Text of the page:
Major corporations, including Procter & Gamble (PG), Electronic Arts (ERTS), and National Semiconductor (NSM), have given some of their employees an unusual assignment: play a free online game.
Admittedly, it's not a typical entertainment video game, with sophisticated 3D graphics, fantastical characters, or shoot-'em-up plots. And the corporations aren't just allowing workers to have fun on the job. Instead, the game, called Superstruct, asks players to imagine the world in 2019.
They're asked to consider a series of future scenarios, including a respiratory disease pandemic, a global food shortage, or a refugee crisis. Then they write blog posts, upload videos, and enter discussions on social networking sites such as Facebook to paint a picture of life in those conditions. For the players, it's an exercise of the imagination. For the supporting firms, it's an experiment with the idea of future-scenario planning using the game as a collaboration tool.
Bridging Entertainment and Business
Superstruct is the brainchild of Jane McGonigal, director of games research and development at the Institute for the Future (IFTF), a Palo Alto (Calif.) think tank. Her idea was to bridge entertainment and business in a very direct way. The scenarios imagined by Superstruct players will be folded into a 10-year forecasting report for IFTF clients (which the Institute declines to name) to help them create new services and products.
"We're using games to help people focus. The quality of engagement in games is more intense than in real life," says McGonigal, whose voice bubbles with an infectious enthusiasm. "Plus, games offer metrics and feedback, and they push people to action." For instance, players earn "survivability badges" when they demonstrate that other players are paying attention to their online posts.
Superstruct players like Colleen Macklin, an associate professor of communication design at Parsons-The New School for Design in New York, feel comfortable with the everday tools, like blogs and e-mail, that the game uses to get people playing. "Superstruct aspires to do more than offer engaging game play. It creates a platform to address issues set in the future," says Macklin. "Superstruct is like a big, fun brainstorming session."
Hard to Imagine the Worst
"It can be hard to get people to think of worst-case scenarios. They feel fear and anxiety. In entertainment, we have a comfort level with crisis," says McGonigal. Certainly, the game's themes are hardly heartwarming, but the medium and design encourage serious consideration and focus in an engaging format.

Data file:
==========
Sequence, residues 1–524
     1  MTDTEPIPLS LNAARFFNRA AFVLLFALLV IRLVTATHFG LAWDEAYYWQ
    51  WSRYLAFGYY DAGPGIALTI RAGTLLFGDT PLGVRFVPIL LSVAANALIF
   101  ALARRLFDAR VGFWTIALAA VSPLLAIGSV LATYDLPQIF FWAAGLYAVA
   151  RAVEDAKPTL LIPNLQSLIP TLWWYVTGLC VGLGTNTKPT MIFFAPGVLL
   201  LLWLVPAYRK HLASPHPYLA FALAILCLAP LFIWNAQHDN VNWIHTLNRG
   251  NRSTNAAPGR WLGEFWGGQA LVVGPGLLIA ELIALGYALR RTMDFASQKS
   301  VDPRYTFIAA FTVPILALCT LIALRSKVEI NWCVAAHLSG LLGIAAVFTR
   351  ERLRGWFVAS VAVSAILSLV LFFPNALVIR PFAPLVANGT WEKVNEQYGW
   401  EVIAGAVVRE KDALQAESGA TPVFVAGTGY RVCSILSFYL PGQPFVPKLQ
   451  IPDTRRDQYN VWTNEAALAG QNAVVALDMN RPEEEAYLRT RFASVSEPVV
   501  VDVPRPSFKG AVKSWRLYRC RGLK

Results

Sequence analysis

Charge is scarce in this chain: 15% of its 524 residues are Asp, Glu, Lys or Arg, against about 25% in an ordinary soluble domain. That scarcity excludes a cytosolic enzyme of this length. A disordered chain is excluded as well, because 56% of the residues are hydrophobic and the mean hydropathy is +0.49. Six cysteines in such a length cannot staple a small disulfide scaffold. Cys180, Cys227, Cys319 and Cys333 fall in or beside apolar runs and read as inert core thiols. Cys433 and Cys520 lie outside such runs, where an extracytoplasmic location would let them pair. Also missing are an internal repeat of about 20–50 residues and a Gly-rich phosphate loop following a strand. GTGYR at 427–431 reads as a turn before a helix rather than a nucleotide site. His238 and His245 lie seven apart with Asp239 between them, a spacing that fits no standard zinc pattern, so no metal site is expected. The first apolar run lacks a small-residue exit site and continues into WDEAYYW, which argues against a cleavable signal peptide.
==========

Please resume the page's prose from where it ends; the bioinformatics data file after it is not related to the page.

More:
McGonigal, 31, is a high-profile advocate of "alternative reality games," or ARGs, as a business tool. She's written about their potential for corporations to plan for the future and train staff in publications such as Harvard Business Review. Her forthcoming book, Reality is Broken: Why Games Make Us Happy, started a bidding war, according to Publisher's Weekly and will be published in 2010.
The daughter of two public school teachers, McGonigal played computer games as a child, and even wrote her first software code at the age of 10. She assumed that games would remain a passion and a form of entertainment, but in 2001 she joined Wink, a company that created the Go Game, a series of real-world games for corporations. The games involved employees solving mysteries using cell-phone messages with instructions, and were used for team-building exercises by companies such as Cisco (CSCO).
A World of Bicycle Thieves
In 2004 she received attention for creating, with the marketing company 42 Entertainment, a promotional ARG for Microsoft (MSFT) called "I Love Bees." The Webby-winning game served as part of a viral advertising campaign for the popular video game Halo 2. Another ARG, "A World Without Oil," funded by the Center for Public Broadcasting, asked players to write reports from the future on how to cope with dwindling petroleum resources, presciently imagining gas prices reaching a then-unthinkable $4.07. The game's Web site is still online although the game ran for a finite time in 2007. It's still an intriguing resource for innovative products and services. For example, one player envisioned more bicycle thefts, suggesting a need to redesign locks and even bikes themselves.
Now, McGonigal splits her time between IFTF (she became director of its games department earlier this year) and her own game-design company, Avantgame, which she founded in 2003. For Avantgame, she designs commercial ARGs like "The Lost Ring," sponsored by McDonald's (MCD) as a marketing vehicle to run during the 2008 Beijing Olympic games.
"To get companies to realize games can work as business tools, we need businesses to change the way they think about games," says McGonigal, who is evangelical about how ARGs can build employee competencies in collaborative, creative thinking. She knows some executives might balk at the thought of using games as a business tool, but points to P&G's support of Superstruct as a sign that corporations are catching on. "They're not escapist entertainment—that's underselling them," she says of ARGs. "They are engines of creativity."